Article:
I am currently the interim senior intelligence officer for the 940th Air Refueling Wing. It is an amazing job, because I get to make decisions that affect people in a positive way. I get to inject my idea of what a unit or shop is supposed to be like and how we take care of one another, how we work together, how we come together to meet the mission goals. I get to influence that and decide on the direction it goes, so that is super cool. Intel in itself is just a really neat job, because we see stuff on the news all the time and wonder what’s really going on there and being in intel teaches you some techniques and tools to figure out what is actually going on.
5. Has this been your job since you became an officer or have you had to move around?
I got a job with 940th Intel as the 940th Wing was shutting down and the 940th Air Refueling Wing was standing up, so I was in a unique position to be able to assist with the shutdown and I had the boom operator and Intel experience to be able to help stand up the refueling wing. I was also a trougher (Traditional Reservist who works a lot of active-duty, so I did move around. I filled in for an active-duty flight commander for about a year and a half. I was the intelligence flight commander for the 12 Refueling Squadron here on base. It was the same kind of thing; molding that shop, growing those Airmen and leading that Intel shop in a direction to get actionable, useful intel to people so they could make decisions.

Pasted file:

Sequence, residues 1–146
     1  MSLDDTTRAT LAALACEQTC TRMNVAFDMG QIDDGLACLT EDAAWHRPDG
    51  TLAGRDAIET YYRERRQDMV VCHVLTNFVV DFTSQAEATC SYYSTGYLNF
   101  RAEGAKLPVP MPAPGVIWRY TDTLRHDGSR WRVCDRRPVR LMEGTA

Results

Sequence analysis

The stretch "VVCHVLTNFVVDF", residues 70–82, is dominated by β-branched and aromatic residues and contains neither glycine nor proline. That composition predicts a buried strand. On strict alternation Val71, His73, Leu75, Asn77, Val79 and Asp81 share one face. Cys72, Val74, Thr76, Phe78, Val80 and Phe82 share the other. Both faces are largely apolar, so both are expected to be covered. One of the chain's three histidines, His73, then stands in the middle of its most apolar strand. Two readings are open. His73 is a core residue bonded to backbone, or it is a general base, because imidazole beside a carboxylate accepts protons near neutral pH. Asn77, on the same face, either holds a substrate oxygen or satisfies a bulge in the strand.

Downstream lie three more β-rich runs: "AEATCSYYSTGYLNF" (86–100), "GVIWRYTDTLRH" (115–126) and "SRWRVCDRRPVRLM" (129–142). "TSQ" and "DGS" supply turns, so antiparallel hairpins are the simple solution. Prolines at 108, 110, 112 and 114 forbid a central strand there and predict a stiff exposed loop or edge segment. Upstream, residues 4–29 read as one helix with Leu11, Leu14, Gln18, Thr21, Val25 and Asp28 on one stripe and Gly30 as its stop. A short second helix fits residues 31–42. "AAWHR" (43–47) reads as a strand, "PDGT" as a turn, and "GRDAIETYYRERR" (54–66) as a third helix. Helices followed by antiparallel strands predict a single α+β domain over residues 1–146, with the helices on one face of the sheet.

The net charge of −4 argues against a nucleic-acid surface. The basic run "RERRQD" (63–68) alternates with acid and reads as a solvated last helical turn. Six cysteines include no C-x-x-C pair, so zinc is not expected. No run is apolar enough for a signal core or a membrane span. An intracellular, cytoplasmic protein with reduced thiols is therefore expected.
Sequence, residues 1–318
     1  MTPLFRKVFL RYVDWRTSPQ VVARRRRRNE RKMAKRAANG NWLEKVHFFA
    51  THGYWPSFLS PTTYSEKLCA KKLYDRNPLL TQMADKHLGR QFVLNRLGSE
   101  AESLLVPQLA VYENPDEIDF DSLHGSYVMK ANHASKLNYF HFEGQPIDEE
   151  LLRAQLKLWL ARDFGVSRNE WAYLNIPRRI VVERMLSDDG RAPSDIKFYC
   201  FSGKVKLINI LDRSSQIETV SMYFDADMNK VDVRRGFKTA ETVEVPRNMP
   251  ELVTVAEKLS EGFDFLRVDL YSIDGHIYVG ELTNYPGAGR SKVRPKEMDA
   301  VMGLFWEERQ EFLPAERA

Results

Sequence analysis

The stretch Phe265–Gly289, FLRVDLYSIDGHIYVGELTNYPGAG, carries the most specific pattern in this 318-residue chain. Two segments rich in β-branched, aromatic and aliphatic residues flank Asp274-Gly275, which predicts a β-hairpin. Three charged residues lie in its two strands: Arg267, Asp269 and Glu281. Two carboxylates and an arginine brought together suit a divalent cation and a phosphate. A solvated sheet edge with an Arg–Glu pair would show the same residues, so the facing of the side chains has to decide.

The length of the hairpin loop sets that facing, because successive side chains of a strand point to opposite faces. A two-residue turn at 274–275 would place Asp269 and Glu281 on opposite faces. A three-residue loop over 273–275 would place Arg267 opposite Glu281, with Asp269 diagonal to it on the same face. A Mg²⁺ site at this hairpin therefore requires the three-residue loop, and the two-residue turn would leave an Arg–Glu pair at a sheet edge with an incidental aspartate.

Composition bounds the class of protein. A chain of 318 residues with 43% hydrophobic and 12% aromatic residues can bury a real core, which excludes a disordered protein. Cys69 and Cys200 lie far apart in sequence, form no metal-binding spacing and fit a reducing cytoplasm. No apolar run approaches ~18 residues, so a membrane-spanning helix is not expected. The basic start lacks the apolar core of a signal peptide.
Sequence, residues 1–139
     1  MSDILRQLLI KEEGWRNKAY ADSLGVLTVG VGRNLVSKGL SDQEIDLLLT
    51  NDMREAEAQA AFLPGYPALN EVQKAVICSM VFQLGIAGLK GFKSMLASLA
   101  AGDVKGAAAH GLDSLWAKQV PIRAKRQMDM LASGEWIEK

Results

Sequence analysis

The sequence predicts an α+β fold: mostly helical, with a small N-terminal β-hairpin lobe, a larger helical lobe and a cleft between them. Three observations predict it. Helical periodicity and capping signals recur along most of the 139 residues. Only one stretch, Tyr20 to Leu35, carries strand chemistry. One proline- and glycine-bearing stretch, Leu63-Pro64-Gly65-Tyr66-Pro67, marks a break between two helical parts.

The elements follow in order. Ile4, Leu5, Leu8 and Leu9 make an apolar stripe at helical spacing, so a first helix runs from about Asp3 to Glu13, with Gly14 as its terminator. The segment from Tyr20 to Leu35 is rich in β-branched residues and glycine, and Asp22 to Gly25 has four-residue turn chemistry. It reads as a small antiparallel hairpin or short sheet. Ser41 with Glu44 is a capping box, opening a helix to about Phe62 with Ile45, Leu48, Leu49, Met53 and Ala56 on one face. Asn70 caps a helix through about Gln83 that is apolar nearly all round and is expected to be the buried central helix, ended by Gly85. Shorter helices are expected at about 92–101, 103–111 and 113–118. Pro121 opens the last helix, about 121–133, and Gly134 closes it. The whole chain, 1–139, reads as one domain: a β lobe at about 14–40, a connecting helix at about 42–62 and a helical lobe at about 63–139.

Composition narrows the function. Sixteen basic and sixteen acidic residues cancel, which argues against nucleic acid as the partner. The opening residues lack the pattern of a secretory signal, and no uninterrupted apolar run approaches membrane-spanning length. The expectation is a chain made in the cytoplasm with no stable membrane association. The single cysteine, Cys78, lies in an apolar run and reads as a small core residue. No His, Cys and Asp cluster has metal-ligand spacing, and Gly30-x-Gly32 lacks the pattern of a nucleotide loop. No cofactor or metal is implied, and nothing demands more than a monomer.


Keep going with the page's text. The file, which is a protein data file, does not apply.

6. What do you find most rewarding about being an officer?
I love the ability to take care of people and to ensure that the people that work for me have a clear path, free of obstacles. In my opinion, an officer’s job is to create an environment in which their enlisted can thrive, so that is my favorite part; making an organization or culture or climate that allows for people to thrive.
7. What is the biggest difference between being an officer and an enlisted member?
Both are very difficult and “others” oriented. As an enlisted person, I made it to tech sergeant, and I was always worried about what the people above me wanted and what they needed me to do. As an officer, I do the same thing, except instead of looking at those above me, I am often looking at those who work for me and say what do these guys need in order to make them able to do their job? How can I make things better for these people? It is a focus on the doer rather than the manager.
8. If you could go back in time, would you commission again?
9. If you could share one piece of advice with an Airman who is considering participating, what would it be?
Understand that this is going to be a long process and it’s something that you really have to want for you to be able to finish. I think there were five people on my DACP board, I think we were all accepted, and I’m the only one who followed it through. Be prepared that this is not as simple as “you meet a board and you are now an officer.” There is a lot of other stuff that goes along with it. Make sure it is what you want to do. There is a lot of management and bureaucracy and politics when you get onto the officer side and if what you want to be is a technician, then this is not the job for you. If you want the chance to lead people, to hopefully be an inspiration to people, and to ensure that others become the best that they can be and you can help them get there, then absolutely, pursue it and follow it through.